MEGA-NEWS: Rental database a success, according to city

While the City of Vancouver points to its successful Rental Standards Database as one step forward in improving the quality of the city’s rental housing, evictions for renovations, or “renovictions,” continue to put many renters on shaky ground.

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It’s been just over a year since the City of Vancouver launched its Rental Standards Database, an online tool for Vancouver residents to report violations in rental buildings with five or more units. The tool is aimed at improving the quality of Vancouver’s rental housing stock. According to Vision Vancouver councillor Kerry Jang, the database has been a success.

“Whenever we get a complaint about a place, we go investigate. If we find a deficiency, we put it up on the database outlining what the problem is,” he says.

It’s actually spurred the landowners themselves to get [the violations] off the database.”

The city has cited a 75 per cent drop in reported building violations since the site launched in early 2013. The year before the site launched in 2012, the city received 7,210 notices of violations.

Those notices were related to issues with fire safety standards; signage; electrical, plumbing, gas, and sewer; and untidy premises. Today, there are just 1,575 reports of violations.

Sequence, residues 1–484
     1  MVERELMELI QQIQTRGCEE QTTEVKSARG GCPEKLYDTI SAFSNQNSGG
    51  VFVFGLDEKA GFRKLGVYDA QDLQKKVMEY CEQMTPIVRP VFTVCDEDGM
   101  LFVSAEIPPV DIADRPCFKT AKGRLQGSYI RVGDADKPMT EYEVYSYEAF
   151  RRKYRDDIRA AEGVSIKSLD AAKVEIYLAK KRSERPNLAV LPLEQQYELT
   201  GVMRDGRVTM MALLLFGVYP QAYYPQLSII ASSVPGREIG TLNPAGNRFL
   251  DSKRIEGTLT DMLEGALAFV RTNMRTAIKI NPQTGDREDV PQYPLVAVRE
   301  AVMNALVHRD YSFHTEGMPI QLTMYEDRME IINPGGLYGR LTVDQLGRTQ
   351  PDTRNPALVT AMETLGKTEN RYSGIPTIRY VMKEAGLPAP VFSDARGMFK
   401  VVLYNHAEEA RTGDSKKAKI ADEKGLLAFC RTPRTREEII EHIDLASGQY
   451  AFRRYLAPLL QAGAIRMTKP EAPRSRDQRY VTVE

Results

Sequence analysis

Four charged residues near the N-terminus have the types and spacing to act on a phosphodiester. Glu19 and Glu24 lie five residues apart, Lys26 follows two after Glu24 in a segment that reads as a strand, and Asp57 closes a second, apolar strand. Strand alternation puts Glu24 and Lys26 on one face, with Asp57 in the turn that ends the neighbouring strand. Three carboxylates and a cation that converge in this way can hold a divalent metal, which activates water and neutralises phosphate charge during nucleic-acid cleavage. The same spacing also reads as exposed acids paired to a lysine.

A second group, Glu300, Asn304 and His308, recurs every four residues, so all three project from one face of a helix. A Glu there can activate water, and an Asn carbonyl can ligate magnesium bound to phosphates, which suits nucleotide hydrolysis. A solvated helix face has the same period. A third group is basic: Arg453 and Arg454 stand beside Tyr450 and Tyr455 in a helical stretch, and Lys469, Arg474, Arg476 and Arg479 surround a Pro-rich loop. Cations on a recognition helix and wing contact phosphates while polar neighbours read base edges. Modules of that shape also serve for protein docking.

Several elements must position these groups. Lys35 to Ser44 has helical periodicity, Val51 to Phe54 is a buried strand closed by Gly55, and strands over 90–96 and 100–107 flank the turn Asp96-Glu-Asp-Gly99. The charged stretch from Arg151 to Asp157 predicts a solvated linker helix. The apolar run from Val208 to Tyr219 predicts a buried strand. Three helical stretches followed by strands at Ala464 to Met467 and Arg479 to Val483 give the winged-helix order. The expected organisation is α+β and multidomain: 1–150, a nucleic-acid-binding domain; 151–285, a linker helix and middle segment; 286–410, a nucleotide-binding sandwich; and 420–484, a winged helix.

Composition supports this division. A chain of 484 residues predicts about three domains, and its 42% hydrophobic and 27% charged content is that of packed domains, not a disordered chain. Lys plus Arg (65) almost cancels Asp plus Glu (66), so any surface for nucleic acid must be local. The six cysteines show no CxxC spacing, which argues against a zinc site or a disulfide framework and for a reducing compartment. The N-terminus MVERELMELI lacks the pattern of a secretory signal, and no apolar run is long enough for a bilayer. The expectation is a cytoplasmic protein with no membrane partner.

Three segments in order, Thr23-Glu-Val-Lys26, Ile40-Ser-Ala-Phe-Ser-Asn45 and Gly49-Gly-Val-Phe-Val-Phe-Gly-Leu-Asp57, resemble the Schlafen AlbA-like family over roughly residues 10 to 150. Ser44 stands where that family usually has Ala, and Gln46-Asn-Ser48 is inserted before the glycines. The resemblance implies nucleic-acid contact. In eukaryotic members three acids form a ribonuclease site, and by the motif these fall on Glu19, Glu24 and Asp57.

The database covers 70,000 Vancouver rental units in some 2,500 buildings, which is just over half of the estimated 130,000 total units in the city. But it leaves out some 60,000 units, including secondary or basement suites. Since many secondary suites are built without permits, the city doesn’t have concrete information on the total number of those suites in Vancouver.

And while the database tracks building violations, it doesn’t track construction permits that could lead to substantial renovations leading to evictions, or “renovictions,” as some tenant advocates call them. Jang maintains that since construction permits are not specific about the scale of renovations, such information wouldn’t be useful to tenants.

“We’re getting people to get proper licences out—not everyone’s done it yet,” he says, adding this is happening when people are renovating their suites.

“On new construction, back in 2008, we changed the bylaws so that when you build a new home, you can build a proper legal suite.”

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